Yes. All image and document data is AES256-encrypted before writing to storage. This is independent of any volume/device-level encryption that may be performed by the OS or storage unit. The encryption key used by Cortex is enterprise-specific. Therefore, content belonging to Enterprise A cannot be decrypted with Enterprise B's key.

All backups are encrypted as well, each using their enterprise-specific key.
Cortex keeps a checksum (SHA512) for each data blob it manages. Any change to that checksum, e.g., due to corruption of storage device, can be readily detected and corrected using a redundant copy of the affected blob (e.g., from another storage unit, or from offsite backup).

No. All patient browsing via Cortex Web Portal is zero footprint for Personal Health Information (PHI), meaning there is no residual patient data left on the connecting computer.

However, if data is transferred into another application (e.g., local PACS system, viewer from another vendor) then that application will naturally control the lifetime and treatment of PHI there.


In order for enterprise systems to send/receive data to/from Cortex, a secure communication channel must be established between the enterprise and Cortex. This can be done via VPN or via Cortex cloudLink.

Clinical and administrative data - including imaging exams, orders, reports, patient admissions and updates - can be passed to Cortex using the same communication protocols that are found within the enterprise, namely, DICOM and HL7. In order to send an imaging study, simply DICOM C-Store it to the Cortex DICOM Storage SCP endpoint - via the encrypting agent (cloudLink) or VPN. For retrieval, use the standard interfaces as well, e.g., DICOM C-Find, PIX, PDQ. In order to pass an imaging order, report or patient update, send the relevant HL7 messages to the Cortex HL7 endpoint.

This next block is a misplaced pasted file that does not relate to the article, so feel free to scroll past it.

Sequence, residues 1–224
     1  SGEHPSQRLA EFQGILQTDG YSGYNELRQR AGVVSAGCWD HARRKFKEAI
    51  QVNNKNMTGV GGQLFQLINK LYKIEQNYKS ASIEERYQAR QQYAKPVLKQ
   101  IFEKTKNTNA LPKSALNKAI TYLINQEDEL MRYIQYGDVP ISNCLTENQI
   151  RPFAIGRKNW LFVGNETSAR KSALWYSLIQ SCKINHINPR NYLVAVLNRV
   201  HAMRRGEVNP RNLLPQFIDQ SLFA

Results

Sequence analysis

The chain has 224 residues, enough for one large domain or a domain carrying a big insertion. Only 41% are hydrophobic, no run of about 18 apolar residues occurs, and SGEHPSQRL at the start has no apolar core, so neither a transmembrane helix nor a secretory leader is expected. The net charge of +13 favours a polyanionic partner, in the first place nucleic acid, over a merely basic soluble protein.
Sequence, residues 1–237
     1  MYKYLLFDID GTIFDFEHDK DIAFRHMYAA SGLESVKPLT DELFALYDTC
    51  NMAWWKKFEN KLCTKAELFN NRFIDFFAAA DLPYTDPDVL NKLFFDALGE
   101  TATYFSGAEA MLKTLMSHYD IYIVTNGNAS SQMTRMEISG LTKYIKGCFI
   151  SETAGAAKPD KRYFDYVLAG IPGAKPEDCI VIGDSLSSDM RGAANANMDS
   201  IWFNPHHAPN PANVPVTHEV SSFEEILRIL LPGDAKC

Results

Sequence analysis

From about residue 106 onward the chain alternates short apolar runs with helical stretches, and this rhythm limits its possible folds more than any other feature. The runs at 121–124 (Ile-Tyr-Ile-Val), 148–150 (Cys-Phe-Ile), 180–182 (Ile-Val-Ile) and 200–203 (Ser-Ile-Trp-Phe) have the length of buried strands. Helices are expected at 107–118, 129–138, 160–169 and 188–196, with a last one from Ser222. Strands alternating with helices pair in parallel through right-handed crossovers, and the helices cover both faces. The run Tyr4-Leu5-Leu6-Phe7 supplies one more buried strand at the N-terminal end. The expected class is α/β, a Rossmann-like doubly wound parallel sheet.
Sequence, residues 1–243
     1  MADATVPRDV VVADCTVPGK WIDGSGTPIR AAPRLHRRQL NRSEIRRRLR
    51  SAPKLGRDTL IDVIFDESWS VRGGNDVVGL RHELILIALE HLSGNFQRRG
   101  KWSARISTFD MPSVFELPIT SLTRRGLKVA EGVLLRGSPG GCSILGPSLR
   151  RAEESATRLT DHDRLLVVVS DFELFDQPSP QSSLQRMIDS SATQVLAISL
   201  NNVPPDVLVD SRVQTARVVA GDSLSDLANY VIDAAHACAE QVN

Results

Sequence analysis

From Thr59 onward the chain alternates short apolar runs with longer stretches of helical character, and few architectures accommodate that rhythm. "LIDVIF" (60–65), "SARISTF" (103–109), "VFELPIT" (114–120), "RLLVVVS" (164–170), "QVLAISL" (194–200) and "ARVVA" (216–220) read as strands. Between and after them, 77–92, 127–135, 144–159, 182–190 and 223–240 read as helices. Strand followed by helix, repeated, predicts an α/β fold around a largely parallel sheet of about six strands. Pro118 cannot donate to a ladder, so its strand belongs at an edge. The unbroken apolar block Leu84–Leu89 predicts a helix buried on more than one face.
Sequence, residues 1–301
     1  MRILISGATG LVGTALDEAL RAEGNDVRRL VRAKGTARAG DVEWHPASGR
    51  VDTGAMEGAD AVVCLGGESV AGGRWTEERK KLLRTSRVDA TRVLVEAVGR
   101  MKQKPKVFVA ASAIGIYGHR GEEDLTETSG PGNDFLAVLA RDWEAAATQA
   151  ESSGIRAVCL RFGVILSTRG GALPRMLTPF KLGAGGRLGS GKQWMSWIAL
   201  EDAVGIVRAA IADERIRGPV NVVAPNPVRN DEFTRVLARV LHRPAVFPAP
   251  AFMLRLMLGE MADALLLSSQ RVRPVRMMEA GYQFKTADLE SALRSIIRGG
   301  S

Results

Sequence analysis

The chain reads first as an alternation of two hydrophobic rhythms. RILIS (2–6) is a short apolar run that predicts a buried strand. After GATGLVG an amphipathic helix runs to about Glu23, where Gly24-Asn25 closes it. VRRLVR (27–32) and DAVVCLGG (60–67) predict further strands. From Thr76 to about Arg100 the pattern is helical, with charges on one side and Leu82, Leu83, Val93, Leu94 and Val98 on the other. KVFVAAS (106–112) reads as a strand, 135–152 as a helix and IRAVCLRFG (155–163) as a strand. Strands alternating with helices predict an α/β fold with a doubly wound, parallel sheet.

Yes. Cortex has been designed from the ground up to keep track of issuers of Accession Numbers (coming from different RIS systems) and not to confuse those when two distinct RIS systems assign the same accession. With its built-in MPI, Cortex can do the same for patient identities (MRNs) coming from different HIS/EHR systems and possibly associated with the same person. Fully qualified MRNs (ID and issuer) as well as fully-qualified accession numbers are automatically embedded into DICOM and other data to avoid hazards and facilitate advanced use cases like import of external studies.
Cortex can help. With a built-in terminology conversion engine, Cortex can localize external imaging exams and reports coded in one vernacular (that of external enterprise) and present them in the vernacular of the local enterprise.
The Cortex DICOM Conformance Statement can be found here.
The Cortex HL7 Conformance Statement can be found here.